In both dental research and clinical practice, how patients perceive the effects of dental interventions is essential, and one standard instrument should exist to measure and compare these effects. Here, oral health- related quality of life (OHRQoL) is the most promising concept. The most widely used OHRQoL instrument for adults, the 49-item Oral Health Impact Profile (OHIP), combines items into 7 scores that putatively measure 7 latent dimensions of perceived oral health. This set of 7 scores has been used for almost 20 years but has never been validated. In fact, recent evidence indicates that the OHIP dimensional structure is not correct, which creates a fundamental measurement problem for the assessment of OHRQoL using OHIP. The major goals of this proposal are (i) to determine which OHRQoL dimensions exist and to derive a new OHIP dimensional structure, (ii) to derive 2 new OHIP short forms and a computer adaptive testing version based on these revised dimensions, and (iii) to validate the revised OHIP dimensional structure and the newly derived versions. Existing OHIP data from 6,628 general-population subjects and 2,502 dental patients from 6 countries will be used both to derive revised OHIP dimensions by applying factor analysis and to test the newly identified dimensions. In addition, 2 new shorter OHIP forms and a computer adaptive testing version (all aimed at reducing self-reporting burden) will be developed using item response theory. Finally, a new sample of 2,000 dental patients in Minnesota will be used to validate the derived OHIP dimensions and new OHIP forms in cross-sectional and longitudinal analyses using other measures of self-reported oral health and clinical oral-health indicators. During the validation process, items from 2 other OHRQoL instruments will be integrated into the instrument to create one standard OHRQoL instrument. A unified framework for OHRQoL assessment based on OHIP will be created, and methodologies such as item response theory and bifactor analysis will ensure that scores from newly derived short-form OHIP versions are compatible with scores from longer OHIPs (score equating). The relationship of OHIP scores to health-related quality of life outcome measures will be explored using methodology from NIH's Patient-Reported Outcomes Measurement Information System (PROMIS). The revised OHIP will measure perceived oral health with a valid set of OHIP dimension scores from instruments with different lengths that will nevertheless be compatible across settings. A profile of sound OHIP dimension scores can become dentistry's standard tool for assessing oral health and treatment effects from the patient's perspective. The revised OHIP will allow effects from all oral interventions to become comparable, aiding dentists and patients in their evaluation of treatment alternatives and informing health care systems for setting resource priorities.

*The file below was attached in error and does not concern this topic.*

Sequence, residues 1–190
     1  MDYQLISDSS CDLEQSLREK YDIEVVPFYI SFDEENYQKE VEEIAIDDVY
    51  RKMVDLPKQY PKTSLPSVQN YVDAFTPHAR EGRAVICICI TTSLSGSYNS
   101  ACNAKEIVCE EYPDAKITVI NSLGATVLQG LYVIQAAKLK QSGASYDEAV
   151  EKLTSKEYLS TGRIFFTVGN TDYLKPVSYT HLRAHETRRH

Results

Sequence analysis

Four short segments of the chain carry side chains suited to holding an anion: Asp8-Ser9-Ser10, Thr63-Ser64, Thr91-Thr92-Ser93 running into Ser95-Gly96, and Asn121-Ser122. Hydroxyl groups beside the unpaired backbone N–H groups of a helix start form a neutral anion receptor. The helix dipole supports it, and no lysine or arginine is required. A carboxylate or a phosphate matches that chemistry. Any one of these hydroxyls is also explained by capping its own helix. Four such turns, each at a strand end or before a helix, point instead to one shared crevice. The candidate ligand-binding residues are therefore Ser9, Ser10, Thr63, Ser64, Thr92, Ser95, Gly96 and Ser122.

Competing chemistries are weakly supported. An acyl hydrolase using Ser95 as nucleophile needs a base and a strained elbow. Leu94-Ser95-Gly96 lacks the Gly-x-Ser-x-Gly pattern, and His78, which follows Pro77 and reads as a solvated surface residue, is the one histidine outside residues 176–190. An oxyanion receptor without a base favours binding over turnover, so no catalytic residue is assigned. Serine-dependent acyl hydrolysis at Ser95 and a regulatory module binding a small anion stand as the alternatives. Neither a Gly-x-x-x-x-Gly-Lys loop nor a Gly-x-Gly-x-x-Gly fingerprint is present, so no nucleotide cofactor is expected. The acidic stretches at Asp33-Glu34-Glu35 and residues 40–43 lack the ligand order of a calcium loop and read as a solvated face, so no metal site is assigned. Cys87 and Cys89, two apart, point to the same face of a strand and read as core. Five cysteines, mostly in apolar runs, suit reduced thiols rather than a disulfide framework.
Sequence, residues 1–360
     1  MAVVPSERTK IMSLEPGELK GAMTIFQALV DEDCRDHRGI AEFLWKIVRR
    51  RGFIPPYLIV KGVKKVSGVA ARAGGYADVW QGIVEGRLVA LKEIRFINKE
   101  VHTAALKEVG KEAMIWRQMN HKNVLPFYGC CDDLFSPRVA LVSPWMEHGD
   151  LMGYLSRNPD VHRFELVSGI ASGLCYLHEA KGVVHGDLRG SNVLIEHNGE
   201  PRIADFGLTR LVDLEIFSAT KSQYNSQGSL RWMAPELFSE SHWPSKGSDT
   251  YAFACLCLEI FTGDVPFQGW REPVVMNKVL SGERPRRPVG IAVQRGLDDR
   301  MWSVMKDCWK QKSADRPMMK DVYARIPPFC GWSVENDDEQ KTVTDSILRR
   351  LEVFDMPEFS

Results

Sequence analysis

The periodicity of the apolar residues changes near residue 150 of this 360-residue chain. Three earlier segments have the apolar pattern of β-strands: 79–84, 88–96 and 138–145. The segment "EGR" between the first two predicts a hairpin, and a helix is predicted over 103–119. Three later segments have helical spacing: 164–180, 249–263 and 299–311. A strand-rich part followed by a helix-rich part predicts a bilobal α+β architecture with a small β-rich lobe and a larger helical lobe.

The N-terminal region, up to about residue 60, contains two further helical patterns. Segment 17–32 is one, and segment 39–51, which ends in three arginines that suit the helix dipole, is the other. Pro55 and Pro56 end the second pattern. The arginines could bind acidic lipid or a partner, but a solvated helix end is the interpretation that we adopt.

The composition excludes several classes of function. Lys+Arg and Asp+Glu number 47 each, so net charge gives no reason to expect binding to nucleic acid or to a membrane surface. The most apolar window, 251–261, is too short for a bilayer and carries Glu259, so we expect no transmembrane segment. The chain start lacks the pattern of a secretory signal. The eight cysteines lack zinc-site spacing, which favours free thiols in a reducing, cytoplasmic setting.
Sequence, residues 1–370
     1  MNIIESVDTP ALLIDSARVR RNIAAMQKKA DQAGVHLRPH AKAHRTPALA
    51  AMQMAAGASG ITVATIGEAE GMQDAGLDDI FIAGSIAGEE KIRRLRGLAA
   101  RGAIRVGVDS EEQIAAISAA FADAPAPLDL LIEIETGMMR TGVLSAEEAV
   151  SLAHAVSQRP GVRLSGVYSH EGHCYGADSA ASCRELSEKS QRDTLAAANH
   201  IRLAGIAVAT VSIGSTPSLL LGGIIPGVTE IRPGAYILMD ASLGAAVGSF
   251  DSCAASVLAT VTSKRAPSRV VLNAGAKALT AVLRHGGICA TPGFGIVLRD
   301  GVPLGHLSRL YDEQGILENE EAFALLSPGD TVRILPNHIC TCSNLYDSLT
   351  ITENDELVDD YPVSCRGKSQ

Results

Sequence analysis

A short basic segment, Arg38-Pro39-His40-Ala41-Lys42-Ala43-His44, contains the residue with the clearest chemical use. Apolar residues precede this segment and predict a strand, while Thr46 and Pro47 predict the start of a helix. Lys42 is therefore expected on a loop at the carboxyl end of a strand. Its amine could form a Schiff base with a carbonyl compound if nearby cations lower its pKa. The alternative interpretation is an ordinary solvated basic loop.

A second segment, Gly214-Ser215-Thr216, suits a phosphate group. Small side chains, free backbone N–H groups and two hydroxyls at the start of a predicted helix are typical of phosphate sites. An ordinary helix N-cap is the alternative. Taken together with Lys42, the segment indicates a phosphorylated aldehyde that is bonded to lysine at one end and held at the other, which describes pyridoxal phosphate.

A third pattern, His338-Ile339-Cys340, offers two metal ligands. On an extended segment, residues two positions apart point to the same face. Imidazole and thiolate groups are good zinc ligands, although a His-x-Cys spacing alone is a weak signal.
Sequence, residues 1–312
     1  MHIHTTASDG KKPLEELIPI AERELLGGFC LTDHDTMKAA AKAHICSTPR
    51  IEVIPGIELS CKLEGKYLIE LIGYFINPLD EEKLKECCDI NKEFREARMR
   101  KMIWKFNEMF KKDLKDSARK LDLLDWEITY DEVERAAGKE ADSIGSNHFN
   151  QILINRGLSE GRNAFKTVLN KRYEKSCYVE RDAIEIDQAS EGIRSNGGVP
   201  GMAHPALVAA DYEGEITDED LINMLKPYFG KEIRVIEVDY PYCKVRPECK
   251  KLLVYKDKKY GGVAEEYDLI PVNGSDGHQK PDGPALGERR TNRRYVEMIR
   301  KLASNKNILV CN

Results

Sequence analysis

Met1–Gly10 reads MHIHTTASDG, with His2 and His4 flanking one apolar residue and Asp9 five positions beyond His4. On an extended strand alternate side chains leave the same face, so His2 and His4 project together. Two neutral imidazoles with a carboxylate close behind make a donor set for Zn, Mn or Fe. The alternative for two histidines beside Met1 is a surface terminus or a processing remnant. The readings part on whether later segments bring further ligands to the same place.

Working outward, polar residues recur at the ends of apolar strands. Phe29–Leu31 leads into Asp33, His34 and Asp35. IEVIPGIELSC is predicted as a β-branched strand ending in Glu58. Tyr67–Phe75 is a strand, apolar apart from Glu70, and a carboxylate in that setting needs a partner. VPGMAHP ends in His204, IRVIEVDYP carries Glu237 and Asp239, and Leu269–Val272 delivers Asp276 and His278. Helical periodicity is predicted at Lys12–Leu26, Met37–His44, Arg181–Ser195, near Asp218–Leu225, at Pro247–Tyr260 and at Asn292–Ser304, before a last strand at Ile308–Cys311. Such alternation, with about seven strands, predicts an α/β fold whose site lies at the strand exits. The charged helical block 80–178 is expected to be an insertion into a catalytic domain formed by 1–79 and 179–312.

How people perceive their oral health and the effects of dental treatments on their oral health is often assessed with specialized questionnaires. The proposed study aims to revise the most widely used questionnaire in this area, the Oral Health Impact Profile, and to combine it with 2 other often-used questionnaires. This work will lead to the development of an improved, standard questionnaire that researchers, health care systems, and dentists will be able to use to measure and compare individuals'perceptions of their oral health.
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